Saturday’s FYI

On weekends I try to provide an FYI service for my readers that may not read the same stuff as me….and plus this virus has the news reports pretty much sown up and little else gets through…..

Let us bring our FYI day….

First, one of those probing questions……why are legal pads yellow?

Comic Jerry Seinfeld, former national security adviser John Bolton and the late American author Pat Conroy are just a few of its millions of devotees. We’re talking about the quintessential office supply the legal pad. It’s simple, professional, cheap and instantly recognizable.

Part of its lure is the unwritten rule that legal pads are for adults only; some people describe a feeling of satisfaction when they finally reach the point where they’re “sophisticated” enough to use them. After all, legal pads equal important business.

The most recognizable characteristic of a legal pad? The yellow color. But why are they yellow? Good question. To answer it, though, requires a brief explanation of its history first.

The legal pad was invented by a paper mill worker, Thomas Holley, in Massachusetts around 1888. Holley came up with the idea of collecting the tons of paper scraps off the floor of the mill and stitching them together to make pads of paper.

Most of us history nerds know of the Gutenberg Bible as  one of the first books published…..but there is another (to quote Yoda in “Return of the Jedi”)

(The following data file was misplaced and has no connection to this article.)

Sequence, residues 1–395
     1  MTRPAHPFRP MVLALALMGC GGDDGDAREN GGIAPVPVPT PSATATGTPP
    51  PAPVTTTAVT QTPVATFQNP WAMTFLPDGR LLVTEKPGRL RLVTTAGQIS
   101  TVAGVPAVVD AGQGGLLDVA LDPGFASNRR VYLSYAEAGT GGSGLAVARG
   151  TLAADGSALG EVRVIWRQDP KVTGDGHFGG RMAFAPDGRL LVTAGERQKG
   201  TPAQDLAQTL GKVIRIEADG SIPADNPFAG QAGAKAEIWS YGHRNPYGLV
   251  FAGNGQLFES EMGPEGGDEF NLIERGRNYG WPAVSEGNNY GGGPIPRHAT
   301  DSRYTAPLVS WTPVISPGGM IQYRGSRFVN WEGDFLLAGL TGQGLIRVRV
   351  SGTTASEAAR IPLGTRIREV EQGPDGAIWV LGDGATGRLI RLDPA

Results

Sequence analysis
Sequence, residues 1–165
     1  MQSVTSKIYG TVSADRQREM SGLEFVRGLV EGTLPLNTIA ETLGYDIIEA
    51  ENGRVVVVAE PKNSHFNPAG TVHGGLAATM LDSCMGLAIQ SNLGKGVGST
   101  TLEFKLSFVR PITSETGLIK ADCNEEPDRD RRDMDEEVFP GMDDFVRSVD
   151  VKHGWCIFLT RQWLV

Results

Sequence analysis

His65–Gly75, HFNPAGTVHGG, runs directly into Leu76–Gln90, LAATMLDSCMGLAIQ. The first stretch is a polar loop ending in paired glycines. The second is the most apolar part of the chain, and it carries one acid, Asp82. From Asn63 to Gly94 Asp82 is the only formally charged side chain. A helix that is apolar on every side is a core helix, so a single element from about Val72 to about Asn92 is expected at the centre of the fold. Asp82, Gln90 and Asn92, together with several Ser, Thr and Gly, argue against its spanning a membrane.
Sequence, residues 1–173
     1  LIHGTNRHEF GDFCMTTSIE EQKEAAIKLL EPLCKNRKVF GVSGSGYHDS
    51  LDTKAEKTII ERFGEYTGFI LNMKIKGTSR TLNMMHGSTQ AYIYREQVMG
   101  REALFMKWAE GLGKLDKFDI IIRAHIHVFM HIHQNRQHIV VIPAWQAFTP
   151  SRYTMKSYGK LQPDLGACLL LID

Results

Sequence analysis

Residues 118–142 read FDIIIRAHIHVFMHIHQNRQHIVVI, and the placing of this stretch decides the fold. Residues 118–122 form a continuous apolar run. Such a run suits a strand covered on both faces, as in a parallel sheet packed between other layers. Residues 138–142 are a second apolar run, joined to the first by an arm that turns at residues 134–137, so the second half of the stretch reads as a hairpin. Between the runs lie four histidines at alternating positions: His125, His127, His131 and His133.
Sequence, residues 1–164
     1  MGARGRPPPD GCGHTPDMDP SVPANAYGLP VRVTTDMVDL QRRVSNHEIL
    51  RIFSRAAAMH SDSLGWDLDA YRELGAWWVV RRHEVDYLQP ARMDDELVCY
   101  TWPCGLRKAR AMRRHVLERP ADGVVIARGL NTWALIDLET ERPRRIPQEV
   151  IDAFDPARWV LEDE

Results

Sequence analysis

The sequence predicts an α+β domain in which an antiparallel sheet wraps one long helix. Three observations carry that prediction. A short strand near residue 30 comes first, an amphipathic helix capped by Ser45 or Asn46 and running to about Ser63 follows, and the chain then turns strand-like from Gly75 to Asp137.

The Gutenberg Bible went to press in the year 1454. We now see it as the first piece of mass media, printed as it was with the then-cutting-edge technology of metal movable type. But in the history of aesthetic achievements in book-printing, the Gutenberg Bible wasn’t without its precedents. To find truly impressive examples requires looking in lands far from Europe: take, for instance, this “Sino-Tibetan concertina-folded book, printed in Beijing in 1410, containing Sanskrit dhāranīs and illustrations of protective mantra-diagrams and deities, woodblock-printed in bright red ink on heavy white paper,” whose “breathtakingly detailed printing” predates Gutenberg by 40 years.

Do you ever suffer from “Aphantasia”?

The term “aphantasia” comes from the Greek words a, which means “without,” and phantasia, meaning “a capacity to form mental images.” The phenomenon was first described by psychologist Francis Galton – one of the pioneers in the science of eugenics – in 1880. The term, which denotes the lack of a “mind’s eye,” or inability to visualize in the mind, was coined to describe the phenomenon in 2015 by neurologist and University of Exeter Medical School professor Adam Zeman.

While Zeman believes that heredity and environment both are likely to be relevant causes, the exact cause of aphantasia is still unknown. Aphantasia could potentially occur in different ways in different people. Neuroimaging has shown that mental imagery is definitely associated with the left temporal lobe and requires an extensive series of pathways in the brain to occur. Scientists are still studying why these pathways might work in different ways in different people. Zeman theorizes that, while people with a functional ability to see things in the mind’s eye use visual circuitry, some people use non-visual paths to process visual data.